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Issue:- 23 May 2013


THE NHS has broken its constitutional promise to over 80,000 patients as new research shows they are at risk of being denied their right to new, lifesaving blood clot drugs.

Access to potentially lifesaving drugs for the treatment and prevention of blood clots is being blocked by local NHS organisations as the grip of austerity tightens on primary care, according to new research.

Findings by Lifeblood: The Thrombosis Charity found that 63% of GPs in the North West had encountered barriers to prescribing Novel Oral Anti-Coagulant (NOAC) blood-thinning medicines for blood clots. The overwhelming majority (85%) cited cost-restrictions imposed by local commissioners as the main obstacle to patient access.

It is estimated that there are 83,500 new cases of potentially fatal blood clots every year, with the total cost burden to the NHS at an estimated £640 million. Traditionally these patients would have to attend a hospital or specialist centre to receive blood-thinning injections and then warfarin tablets that require regular visits to hospital for monitoring. NOACs are the next generation of medicines and are taken in tablet form, and do not require monitoring, reducing the need for costly care and leading to long-term cost-savings for the NHS. These cost-savings were well-documented by NICE, who approved NOACs for venous thromboembolism (VTE), or blood clots, in July 2012.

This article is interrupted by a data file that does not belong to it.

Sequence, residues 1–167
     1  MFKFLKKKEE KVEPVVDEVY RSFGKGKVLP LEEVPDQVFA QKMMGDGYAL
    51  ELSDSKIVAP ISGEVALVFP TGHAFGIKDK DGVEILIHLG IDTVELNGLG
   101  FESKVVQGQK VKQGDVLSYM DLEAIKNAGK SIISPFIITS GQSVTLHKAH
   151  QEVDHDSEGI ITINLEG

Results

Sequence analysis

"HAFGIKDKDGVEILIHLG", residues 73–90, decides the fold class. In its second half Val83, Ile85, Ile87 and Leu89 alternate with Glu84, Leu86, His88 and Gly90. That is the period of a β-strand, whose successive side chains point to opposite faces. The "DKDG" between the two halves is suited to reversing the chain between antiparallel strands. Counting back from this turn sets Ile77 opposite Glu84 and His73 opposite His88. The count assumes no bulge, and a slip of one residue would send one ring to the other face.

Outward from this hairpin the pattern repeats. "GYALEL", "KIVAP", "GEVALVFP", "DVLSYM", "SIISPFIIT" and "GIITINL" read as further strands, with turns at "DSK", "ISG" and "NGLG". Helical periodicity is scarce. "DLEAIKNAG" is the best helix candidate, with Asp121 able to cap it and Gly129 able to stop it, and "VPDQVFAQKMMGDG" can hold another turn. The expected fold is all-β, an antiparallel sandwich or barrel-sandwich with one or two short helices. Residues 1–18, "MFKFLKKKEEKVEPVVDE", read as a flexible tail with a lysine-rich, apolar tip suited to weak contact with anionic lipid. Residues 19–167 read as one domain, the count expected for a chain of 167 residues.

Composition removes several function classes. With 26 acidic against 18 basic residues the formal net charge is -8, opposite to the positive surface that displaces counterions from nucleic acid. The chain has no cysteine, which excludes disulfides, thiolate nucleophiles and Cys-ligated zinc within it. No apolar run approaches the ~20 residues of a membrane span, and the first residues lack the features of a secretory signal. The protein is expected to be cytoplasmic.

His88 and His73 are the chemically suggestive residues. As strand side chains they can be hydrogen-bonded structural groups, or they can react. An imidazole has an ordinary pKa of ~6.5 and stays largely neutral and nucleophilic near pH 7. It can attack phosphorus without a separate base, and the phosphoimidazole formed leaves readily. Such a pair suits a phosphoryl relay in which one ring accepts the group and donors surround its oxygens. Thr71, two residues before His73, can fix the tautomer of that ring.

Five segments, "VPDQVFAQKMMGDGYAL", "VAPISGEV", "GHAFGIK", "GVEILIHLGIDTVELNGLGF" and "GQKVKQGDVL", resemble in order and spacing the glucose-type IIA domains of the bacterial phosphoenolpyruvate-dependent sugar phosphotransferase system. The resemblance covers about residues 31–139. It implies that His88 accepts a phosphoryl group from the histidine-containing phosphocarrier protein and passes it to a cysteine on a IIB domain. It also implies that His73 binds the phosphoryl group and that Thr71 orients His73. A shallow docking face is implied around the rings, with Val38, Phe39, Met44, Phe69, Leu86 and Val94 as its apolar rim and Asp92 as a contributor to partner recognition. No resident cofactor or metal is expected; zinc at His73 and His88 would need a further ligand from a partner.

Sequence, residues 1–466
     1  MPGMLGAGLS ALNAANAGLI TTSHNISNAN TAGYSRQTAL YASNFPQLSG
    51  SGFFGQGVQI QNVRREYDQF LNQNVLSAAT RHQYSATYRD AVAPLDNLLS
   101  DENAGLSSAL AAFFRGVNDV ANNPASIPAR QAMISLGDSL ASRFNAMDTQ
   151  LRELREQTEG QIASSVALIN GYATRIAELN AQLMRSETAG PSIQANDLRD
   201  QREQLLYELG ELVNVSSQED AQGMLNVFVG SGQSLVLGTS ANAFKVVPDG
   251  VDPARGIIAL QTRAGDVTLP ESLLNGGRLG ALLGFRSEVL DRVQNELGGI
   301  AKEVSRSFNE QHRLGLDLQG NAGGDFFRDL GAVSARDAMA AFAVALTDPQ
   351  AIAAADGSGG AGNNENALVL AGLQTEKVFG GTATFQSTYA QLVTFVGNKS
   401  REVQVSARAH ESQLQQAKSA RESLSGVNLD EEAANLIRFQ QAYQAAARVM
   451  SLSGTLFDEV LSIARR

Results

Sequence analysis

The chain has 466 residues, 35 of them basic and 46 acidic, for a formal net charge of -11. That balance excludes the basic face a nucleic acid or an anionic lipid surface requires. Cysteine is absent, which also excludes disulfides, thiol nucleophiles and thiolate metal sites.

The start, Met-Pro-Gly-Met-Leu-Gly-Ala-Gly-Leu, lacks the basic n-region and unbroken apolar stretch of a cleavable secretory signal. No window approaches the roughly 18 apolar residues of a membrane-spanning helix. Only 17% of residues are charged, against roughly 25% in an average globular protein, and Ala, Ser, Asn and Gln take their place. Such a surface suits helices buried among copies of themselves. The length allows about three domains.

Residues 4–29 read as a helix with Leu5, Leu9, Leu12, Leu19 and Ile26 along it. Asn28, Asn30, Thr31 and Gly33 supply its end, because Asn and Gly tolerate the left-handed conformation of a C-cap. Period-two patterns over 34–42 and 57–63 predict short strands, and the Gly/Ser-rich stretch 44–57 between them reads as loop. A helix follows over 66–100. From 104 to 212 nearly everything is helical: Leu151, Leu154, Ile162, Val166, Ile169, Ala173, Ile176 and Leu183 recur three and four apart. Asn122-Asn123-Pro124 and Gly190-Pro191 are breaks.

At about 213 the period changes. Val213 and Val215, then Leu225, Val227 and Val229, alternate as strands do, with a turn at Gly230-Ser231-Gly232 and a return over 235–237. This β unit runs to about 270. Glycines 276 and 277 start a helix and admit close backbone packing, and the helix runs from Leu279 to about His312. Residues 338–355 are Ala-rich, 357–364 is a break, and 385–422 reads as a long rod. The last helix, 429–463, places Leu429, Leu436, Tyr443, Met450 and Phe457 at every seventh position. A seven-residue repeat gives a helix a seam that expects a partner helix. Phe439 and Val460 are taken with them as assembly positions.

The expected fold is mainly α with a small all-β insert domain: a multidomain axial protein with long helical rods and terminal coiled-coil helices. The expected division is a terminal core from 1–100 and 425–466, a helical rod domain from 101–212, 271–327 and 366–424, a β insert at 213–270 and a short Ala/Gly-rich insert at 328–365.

A year on and three quarters of the North West GPs surveyed by Lifeblood are still entirely unaware of this positive NICE guidance or do not know how to put it into practice. Further research by Lifeblood shows that whilst 97% of hospitals in England have a protocol in place for the management of suspected VTE, 61% have still not updated it to include NOACs nor have they issued any prescribing advice for the new treatments.

Professor Beverley Hunt, Medical Director of Lifeblood: The Thrombosis Charity, said:- "The NHS Constitution grants patients the right to NICE approved medicines if they are clinically appropriate. We have shown today that many eligible patients in the North West are being denied this fundamental right. Lifeblood has long campaigned for the prioritisation of VTE in the NHS and we are now global leaders in the prevention and treatment of blood clots in hospitals. However, today's research shows that whilst we excel in secondary care, we are falling well short of our own standards of excellence in primary care, and ultimately letting patients down.  The Government has been very clear in its motivation for reform of the NHS; to deliver patient-centred, evidence-based decision making. In reality it would appear we are letting budgets dictate the quality of care we deliver, and limit our willingness to embrace innovation and new technologies that are proven to significantly improve patient outcomes. NOACs present us with a real opportunity to dramatically advance VTE care and it is vital that healthcare professionals, commissioners and providers are able to deliver integrated, high quality care across the entire patient pathway."